Belfast Telegraph

Swann keen to see Northern Ireland health pay dispute ended 'right away'

Robin Swann meeting an NHS worker on the picket line last month
Robin Swann meeting an NHS worker on the picket line last month

By David Young and Adrian Rutherford

New Health Minister Robin Swann is to meet trade unions involved in strike action as other parties face questions over why they avoided the portfolio.

The former Ulster Unionist leader said he wanted to resolve the industrial dispute "right away".

Health unions have been taking strike action over pay parity and staffing levels, which nurses say are unsafe.

Mr Swann said: "I am happy to confirm that contact has been made with trade unions and I will be meeting with them as soon as possible this week. I'm looking forward to getting this dispute sorted right away.

"Obviously, the financial package for the new Executive and support from other Ministerial colleagues will be central to making that happen.

"We need our nurses and other health workers back at work. There's a massive challenge for all of us in making our health service better and our great staff have a vital role to play in that."

Healthcare workers across Northern Ireland staged a fresh round of strike action last Friday. About 9,000 Royal College of Nursing (RCN) members were joined by nurses and other Unison workers.

Pat Cullen, director of the RCN in Northern Ireland, welcomed Mr Swann's move.

"We are keen and available to meet the Minister at his earliest convenience to begin the process of resolving the issues in our current dispute," she said.

"The restoration of pay parity has been addressed in the New Decade, New Approach deal, but of equal importance are the issues we have outlined in relation to safe staffing, and ensuring that we have the nursing workforce in place to be able to deliver the reform that our health services so badly need."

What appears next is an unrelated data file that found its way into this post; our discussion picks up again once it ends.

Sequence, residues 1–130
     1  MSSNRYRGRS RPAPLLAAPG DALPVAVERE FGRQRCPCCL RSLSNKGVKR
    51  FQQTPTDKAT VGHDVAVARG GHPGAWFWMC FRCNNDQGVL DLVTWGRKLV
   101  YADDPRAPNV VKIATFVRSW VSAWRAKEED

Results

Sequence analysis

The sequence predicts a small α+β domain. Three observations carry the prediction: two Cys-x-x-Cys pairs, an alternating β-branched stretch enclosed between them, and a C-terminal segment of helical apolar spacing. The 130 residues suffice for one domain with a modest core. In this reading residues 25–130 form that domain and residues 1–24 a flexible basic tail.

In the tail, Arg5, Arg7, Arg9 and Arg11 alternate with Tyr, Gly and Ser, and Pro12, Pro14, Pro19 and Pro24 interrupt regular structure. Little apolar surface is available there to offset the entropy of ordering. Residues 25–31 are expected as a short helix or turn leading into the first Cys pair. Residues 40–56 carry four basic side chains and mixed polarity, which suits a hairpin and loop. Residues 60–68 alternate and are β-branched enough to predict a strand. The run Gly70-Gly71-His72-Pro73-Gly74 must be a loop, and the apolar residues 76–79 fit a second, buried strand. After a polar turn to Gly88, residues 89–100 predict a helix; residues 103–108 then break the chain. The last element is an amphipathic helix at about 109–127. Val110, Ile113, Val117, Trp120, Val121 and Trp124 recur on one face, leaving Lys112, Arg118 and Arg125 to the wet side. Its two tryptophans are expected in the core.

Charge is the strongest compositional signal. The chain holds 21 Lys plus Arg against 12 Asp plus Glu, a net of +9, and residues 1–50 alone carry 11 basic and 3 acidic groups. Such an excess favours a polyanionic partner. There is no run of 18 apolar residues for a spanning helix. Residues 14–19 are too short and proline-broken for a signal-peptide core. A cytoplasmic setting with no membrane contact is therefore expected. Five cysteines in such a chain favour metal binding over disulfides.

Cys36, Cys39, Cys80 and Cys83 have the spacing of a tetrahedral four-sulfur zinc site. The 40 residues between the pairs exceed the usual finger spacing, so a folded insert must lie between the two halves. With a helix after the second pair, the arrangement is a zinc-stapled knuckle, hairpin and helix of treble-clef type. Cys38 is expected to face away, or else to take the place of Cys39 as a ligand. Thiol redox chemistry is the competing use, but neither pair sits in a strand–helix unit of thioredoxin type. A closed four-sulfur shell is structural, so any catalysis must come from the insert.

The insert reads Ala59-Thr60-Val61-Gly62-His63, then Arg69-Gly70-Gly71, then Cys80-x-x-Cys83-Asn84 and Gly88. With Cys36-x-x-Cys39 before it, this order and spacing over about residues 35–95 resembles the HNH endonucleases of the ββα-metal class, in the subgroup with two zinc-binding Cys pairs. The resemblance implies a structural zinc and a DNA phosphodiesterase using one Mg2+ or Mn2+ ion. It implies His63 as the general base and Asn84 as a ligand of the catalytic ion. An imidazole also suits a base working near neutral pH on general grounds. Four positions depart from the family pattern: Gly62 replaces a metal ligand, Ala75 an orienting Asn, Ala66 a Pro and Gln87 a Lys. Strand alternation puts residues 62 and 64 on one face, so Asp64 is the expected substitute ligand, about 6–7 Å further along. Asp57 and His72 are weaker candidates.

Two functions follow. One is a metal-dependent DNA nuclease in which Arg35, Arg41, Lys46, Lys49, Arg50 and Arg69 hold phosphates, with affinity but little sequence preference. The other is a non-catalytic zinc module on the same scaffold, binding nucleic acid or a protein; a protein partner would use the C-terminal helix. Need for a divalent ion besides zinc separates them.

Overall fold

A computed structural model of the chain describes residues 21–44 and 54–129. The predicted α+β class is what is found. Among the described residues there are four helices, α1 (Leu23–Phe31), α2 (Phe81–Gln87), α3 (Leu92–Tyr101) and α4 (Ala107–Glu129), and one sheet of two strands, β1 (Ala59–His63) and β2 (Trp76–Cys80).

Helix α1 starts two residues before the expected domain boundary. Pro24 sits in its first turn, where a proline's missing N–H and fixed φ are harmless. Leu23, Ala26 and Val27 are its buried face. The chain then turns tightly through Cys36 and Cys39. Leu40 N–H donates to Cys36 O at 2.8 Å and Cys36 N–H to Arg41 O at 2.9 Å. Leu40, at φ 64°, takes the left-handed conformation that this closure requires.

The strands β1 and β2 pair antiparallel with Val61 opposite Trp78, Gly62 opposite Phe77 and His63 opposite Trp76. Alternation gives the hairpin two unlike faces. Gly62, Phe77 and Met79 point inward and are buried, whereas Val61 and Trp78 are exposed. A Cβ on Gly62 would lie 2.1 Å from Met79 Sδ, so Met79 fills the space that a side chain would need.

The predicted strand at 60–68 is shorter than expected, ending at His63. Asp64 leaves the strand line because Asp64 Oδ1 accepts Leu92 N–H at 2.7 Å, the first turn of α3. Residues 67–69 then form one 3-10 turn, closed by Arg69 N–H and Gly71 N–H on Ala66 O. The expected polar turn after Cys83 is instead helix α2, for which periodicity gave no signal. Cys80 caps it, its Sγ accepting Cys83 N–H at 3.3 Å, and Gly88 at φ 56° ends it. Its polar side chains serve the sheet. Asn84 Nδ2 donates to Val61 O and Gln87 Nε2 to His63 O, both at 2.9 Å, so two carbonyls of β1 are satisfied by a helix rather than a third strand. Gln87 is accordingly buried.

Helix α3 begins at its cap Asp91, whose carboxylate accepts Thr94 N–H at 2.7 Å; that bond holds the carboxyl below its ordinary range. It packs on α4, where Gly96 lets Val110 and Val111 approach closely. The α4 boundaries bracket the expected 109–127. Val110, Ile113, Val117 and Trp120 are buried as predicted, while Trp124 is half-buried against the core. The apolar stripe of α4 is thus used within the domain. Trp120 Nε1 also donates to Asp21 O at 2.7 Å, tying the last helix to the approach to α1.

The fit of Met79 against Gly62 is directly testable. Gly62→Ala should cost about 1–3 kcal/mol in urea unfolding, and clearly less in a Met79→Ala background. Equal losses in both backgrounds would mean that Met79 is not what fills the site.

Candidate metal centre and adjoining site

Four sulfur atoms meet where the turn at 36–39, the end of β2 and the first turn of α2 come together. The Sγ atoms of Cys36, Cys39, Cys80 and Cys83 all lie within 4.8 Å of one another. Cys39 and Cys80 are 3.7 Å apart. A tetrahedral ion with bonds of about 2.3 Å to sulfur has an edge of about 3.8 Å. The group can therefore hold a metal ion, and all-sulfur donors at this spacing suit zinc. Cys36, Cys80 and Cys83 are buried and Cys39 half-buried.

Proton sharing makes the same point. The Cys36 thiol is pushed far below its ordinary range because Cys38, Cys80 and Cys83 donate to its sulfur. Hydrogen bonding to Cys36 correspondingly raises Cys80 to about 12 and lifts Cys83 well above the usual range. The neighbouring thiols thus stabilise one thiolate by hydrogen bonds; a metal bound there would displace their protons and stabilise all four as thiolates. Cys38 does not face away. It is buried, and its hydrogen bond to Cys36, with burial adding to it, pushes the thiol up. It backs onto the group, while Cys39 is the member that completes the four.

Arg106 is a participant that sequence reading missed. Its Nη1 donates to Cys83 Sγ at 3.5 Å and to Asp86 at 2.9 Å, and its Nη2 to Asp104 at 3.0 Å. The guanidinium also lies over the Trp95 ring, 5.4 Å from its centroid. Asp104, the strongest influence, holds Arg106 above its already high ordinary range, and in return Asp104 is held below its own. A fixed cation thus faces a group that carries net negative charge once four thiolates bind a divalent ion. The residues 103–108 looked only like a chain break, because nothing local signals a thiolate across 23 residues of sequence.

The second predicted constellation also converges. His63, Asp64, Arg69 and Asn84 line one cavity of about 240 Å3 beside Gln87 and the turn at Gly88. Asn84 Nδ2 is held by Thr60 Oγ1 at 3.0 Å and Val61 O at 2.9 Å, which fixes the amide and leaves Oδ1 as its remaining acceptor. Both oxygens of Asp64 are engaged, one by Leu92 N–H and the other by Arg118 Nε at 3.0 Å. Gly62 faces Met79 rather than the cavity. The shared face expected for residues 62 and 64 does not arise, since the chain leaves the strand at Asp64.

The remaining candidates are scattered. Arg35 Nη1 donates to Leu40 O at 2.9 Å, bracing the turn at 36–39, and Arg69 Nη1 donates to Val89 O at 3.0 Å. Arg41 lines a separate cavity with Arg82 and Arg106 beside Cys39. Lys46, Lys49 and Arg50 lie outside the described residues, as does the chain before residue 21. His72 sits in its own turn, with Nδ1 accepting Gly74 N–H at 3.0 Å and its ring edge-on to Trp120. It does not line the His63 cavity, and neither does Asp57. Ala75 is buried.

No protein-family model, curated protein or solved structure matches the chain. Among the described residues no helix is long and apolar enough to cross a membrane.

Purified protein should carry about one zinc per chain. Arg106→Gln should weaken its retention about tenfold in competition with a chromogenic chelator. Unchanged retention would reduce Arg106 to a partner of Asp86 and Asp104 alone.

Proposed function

Anne Speed from Unison said: "This prompt move by minister Swann is recognition that the determination and courage of thousands of health workers has made the health service the key priority for our new government."

The crisis engulfing the health service is arguably the most pressing priority for Stormont.

However, when it came to the selection of the ministerial briefs, the DUP, Sinn Fein and SDLP all passed on the chance to select the health portfolio.

It led to claims that the other parties wanted to dodge what is viewed as the most challenging of the ministerial roles.

DUP Economy Minister Diane Dodds insisted the issue should not be viewed as party political.

"Robin Swann is not from my party but he will be my colleague in the executive and it will be absolutely vitally important that he is successful in that portfolio so his success will be the executive's success and we need to work together," she told RTE.

Sinn Fein said it would directly support Mr Swann through its roles in the Executive Office and at the Department of Finance.

Sinn Fein Communities Minister Deirdre Hargey said all the portfolios were interconnected.

"On one portfolio or another, all of these issues are important, all of these issues impact and connect on each other in terms of how we prevent people even falling sick in the first place," she told BBC NI's Sunday Politics show.

The SDLP's Colin McGrath told the same programme that his party would only have taken health if it had also controlled the finance department, so it could influence the budget allocation.

He said previous health ministers had seen their budgets "robbed" of millions of pounds by decisions taken elsewhere in the executive.

The SDLP selected infrastructure as its chosen ministry.

The party had fifth choice under the d'Hondt system for allocating seven executive ministries. Before that the DUP and Sinn Fein selected four other posts between them.

The UUP had sixth pick and only then was health selected. The party has insisted the brief was its number one choice.

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